The gossamer fragile And With Her Came The Birds sees more of Fredrik's whispered, clean vocals on this sparse death ballad with it's bluegrass/country music stylings. "Leave me here for the crows" he begs as the song bleeds gently into Thirtyfour. Before this tour this colossus has only been played live once and it must take all the band's concentration to keep everything on track and in time. Glacial and utterly mesmerising, harsh riffs coalesce into a wall of glorious noise as we continue our descent into the darkness. Cult Of Luna somehow make playing music this labyrinthine and tortuous look effortless. Bastards!

The end is unfortunately nigh as the understated Dim flows off the stage. We are treated to some lovely slide guitar from Johannes as the song spirals round and round building imperceptibly to a tumultuous climax. The delicate beginning to Dark City, Dead Man stretches out into the black. Possibly the best song Cult Of Luna have written and recorded, this is a truly fitting way to end the evening. A majestic masterpiece that wrenches at the soul with its inherent sense of loss and finality, Johannes screams out the lyrics while the band flail away around him. He is the eye of the storm as the zenith is stretched almost to breaking point as a rippling riff fights its way free of the tempest. The song ends with the couplet "I let go and fall deeper. This will be the end of me." a cathartic release as the song collapses under it's own weight.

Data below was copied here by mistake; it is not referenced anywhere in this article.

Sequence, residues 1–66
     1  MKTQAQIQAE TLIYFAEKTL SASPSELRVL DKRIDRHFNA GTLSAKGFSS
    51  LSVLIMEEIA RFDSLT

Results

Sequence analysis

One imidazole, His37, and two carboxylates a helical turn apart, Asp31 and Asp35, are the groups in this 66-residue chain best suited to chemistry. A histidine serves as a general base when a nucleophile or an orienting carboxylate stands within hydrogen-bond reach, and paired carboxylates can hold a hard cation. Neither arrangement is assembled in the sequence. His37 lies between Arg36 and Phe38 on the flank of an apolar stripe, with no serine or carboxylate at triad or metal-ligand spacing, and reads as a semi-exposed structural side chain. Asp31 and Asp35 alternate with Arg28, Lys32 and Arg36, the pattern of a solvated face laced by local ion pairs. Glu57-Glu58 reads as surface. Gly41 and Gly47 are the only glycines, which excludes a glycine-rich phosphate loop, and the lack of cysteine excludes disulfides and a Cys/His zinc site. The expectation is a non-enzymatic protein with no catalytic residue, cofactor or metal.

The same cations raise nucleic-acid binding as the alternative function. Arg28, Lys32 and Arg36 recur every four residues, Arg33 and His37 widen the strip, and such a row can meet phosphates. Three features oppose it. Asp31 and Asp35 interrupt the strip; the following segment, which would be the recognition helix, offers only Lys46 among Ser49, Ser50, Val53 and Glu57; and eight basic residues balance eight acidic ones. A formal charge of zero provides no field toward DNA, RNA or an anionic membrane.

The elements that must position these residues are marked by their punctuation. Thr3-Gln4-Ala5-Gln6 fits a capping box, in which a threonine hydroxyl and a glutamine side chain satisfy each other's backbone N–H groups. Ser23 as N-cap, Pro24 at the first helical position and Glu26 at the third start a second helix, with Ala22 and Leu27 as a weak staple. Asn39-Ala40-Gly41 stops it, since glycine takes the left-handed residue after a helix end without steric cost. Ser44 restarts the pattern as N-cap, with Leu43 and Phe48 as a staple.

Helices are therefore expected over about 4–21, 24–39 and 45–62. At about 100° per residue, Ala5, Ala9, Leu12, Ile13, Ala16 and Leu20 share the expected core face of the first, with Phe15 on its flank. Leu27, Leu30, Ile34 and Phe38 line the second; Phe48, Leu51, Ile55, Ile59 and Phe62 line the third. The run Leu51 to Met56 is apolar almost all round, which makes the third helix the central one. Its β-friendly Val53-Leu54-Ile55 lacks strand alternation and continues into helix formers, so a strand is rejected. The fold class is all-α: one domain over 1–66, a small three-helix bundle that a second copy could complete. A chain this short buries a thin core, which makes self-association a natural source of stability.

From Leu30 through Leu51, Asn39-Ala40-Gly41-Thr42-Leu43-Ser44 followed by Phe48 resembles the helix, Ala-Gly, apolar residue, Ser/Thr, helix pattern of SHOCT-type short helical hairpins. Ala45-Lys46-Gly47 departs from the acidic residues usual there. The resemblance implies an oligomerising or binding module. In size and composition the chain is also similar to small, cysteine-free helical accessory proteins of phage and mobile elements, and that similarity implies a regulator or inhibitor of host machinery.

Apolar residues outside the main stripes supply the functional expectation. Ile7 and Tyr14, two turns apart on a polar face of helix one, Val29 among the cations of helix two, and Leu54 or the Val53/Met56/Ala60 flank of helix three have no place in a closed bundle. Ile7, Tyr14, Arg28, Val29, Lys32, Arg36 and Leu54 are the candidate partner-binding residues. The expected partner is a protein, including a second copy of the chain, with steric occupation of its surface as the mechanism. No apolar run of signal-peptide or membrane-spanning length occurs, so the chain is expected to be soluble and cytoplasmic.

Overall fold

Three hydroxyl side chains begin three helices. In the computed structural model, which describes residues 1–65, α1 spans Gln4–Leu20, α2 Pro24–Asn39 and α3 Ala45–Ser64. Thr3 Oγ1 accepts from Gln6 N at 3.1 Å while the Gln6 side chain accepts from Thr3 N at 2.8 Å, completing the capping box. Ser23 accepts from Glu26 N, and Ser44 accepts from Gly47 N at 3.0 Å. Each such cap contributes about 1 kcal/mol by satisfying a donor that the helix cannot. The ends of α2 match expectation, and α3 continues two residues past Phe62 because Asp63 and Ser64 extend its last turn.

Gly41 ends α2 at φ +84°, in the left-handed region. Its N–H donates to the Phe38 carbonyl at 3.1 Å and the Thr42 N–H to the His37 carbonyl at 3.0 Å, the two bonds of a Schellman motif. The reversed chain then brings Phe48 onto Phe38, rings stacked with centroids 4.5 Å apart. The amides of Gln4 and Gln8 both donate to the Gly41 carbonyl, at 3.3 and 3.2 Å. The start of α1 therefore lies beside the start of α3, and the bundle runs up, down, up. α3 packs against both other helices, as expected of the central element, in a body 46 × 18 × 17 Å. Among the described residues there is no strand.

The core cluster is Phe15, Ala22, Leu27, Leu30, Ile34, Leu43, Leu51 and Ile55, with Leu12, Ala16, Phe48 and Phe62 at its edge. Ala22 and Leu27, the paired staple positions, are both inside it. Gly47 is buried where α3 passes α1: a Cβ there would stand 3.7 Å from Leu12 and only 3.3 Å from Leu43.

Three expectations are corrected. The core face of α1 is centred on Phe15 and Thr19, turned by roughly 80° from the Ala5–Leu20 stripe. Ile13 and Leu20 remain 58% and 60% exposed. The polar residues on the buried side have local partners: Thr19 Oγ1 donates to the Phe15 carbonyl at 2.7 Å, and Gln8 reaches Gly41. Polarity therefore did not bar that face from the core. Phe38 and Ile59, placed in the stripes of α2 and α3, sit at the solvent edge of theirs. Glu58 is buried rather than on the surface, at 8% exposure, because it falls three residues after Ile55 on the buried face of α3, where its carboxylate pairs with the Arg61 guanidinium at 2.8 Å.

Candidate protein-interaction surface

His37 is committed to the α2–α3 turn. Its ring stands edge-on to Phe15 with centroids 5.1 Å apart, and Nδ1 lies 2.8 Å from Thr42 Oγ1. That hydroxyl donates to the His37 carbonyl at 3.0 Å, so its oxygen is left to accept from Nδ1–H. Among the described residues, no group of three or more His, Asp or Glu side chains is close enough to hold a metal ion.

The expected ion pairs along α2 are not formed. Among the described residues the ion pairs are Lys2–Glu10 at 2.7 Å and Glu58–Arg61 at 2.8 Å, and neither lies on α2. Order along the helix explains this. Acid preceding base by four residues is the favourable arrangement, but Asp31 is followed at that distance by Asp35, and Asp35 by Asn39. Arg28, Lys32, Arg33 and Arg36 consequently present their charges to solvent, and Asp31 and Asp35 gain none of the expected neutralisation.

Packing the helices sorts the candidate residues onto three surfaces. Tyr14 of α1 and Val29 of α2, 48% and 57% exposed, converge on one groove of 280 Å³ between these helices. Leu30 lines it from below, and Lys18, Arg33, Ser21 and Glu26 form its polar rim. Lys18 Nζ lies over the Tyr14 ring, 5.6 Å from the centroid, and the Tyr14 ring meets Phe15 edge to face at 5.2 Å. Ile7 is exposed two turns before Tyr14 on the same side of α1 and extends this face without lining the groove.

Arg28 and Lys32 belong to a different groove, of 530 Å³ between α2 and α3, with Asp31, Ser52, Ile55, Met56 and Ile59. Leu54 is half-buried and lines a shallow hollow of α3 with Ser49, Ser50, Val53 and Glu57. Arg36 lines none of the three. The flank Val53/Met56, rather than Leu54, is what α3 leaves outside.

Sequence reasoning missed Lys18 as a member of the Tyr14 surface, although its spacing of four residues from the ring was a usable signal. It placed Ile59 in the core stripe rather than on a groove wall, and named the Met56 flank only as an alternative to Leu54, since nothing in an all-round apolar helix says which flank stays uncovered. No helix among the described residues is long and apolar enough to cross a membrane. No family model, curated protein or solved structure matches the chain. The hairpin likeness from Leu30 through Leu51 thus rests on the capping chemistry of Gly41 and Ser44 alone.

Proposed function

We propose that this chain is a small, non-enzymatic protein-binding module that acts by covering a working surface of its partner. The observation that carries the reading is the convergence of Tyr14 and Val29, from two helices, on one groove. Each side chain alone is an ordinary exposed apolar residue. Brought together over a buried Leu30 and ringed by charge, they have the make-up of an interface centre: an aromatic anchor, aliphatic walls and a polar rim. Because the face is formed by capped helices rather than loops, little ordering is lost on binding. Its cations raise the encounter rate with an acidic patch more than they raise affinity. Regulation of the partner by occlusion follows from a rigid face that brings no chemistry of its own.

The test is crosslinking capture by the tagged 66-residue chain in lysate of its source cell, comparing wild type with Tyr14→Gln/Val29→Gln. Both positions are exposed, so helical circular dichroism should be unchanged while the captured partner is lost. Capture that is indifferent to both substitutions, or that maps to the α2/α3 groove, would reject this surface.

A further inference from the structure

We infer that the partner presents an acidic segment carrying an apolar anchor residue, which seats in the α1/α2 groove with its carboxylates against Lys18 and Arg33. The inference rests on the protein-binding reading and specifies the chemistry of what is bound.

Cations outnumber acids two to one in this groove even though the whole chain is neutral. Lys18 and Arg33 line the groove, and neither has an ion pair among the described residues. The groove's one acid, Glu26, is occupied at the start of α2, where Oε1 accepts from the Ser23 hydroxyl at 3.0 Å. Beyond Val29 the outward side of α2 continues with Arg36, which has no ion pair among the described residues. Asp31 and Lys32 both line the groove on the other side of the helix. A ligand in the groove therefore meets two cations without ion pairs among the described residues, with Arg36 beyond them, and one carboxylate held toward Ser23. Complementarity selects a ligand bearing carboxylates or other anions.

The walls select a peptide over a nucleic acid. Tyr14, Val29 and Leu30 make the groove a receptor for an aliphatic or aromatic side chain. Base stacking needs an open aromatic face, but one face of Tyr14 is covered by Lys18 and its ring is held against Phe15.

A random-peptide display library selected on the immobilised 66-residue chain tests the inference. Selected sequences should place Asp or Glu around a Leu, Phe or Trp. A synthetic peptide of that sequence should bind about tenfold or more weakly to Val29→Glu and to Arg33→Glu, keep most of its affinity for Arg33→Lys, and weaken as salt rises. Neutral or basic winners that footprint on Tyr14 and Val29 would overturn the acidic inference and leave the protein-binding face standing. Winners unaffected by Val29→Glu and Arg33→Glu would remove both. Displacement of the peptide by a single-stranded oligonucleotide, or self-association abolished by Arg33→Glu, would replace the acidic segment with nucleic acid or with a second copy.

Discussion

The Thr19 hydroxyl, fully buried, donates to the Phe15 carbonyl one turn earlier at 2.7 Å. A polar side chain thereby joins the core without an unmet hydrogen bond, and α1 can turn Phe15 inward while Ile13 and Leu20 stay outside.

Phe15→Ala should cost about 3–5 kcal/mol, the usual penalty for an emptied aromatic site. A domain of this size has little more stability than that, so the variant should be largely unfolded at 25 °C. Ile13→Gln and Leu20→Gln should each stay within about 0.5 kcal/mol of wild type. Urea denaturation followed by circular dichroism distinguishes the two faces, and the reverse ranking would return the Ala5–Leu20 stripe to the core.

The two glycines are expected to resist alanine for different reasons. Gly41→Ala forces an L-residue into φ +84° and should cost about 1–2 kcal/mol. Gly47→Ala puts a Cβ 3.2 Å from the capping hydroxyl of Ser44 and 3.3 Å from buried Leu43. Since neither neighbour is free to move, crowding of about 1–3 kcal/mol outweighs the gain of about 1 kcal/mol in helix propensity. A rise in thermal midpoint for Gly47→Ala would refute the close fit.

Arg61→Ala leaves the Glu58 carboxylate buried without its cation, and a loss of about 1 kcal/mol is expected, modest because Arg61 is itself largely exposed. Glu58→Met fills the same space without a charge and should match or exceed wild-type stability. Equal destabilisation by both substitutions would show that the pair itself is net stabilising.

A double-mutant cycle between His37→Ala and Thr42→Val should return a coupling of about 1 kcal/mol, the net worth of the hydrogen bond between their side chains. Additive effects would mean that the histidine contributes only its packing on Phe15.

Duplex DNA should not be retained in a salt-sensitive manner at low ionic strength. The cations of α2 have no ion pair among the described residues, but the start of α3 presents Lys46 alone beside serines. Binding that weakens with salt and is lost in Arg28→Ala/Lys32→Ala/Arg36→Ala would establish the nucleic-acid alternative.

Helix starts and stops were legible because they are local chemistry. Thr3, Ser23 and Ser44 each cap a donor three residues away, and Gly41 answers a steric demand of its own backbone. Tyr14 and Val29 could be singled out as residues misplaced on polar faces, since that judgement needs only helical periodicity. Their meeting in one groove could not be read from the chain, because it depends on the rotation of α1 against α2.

As mentioned, lighting is minimal and entirely behind the band, leaving them eerie shadows for the most part. Johannes occasionally ventures onto the area that sticks out from the front of the stage, fixing the crowd with his intense stare while he lives and breathes every moment of every song. Every member of the band are at the top of their game tonight. Andreas, along with drummers Thomas Hedlund and Magnus Líndberg lay a down teeth-rattling base for the rest of the band to weave their magic. Kristian's keyboard textures and flourishes often add melody and lightness to the heavy compositions and the three guitarists fill in the gaps with their churning riffs and succinct leads. There is no communication with the crowd as the band concentrate on their craft - this is not a band for "Hello London, how you doing?" or other such insignificances. The music does all the talking necessary.

Special mention must go to the two support bands. Fellow Swedes, Moloken, are very good and Bossk (presumably named after the rather inept, reptilian bounty hunter from The Empire Strikes Back) are four (occasionally five) noisy herberts from my neck of the woods in Kent. They are superb and nearly succeed in blowing the headliners off stage. Almost but not quite. Wildly schizophrenic and (mostly) instrumental, they sound like Earthtone9, Converge, Amplifier, Black Sabbath, and The God Machine rolled into one. Excellent stuff.

There is no encore from Cult Of Luna. How could there be? There is no way on earth the band could follow that. With a brief thank you the band depart and the house lights are turned on. Most of the audience leave the building emotionally and physically exhausted after witnessing this stunning performance.

The Sweep / Light Chaser / Owlwood / Echoes / I: The Weapon / Waiting for You / Marching to the Heartbeats / Finland / Back to Chapel Town / And With Her Came the Birds / Thirtyfour / Dim / Dark City, Dead Man

Background photo: © Floris Looijesteijn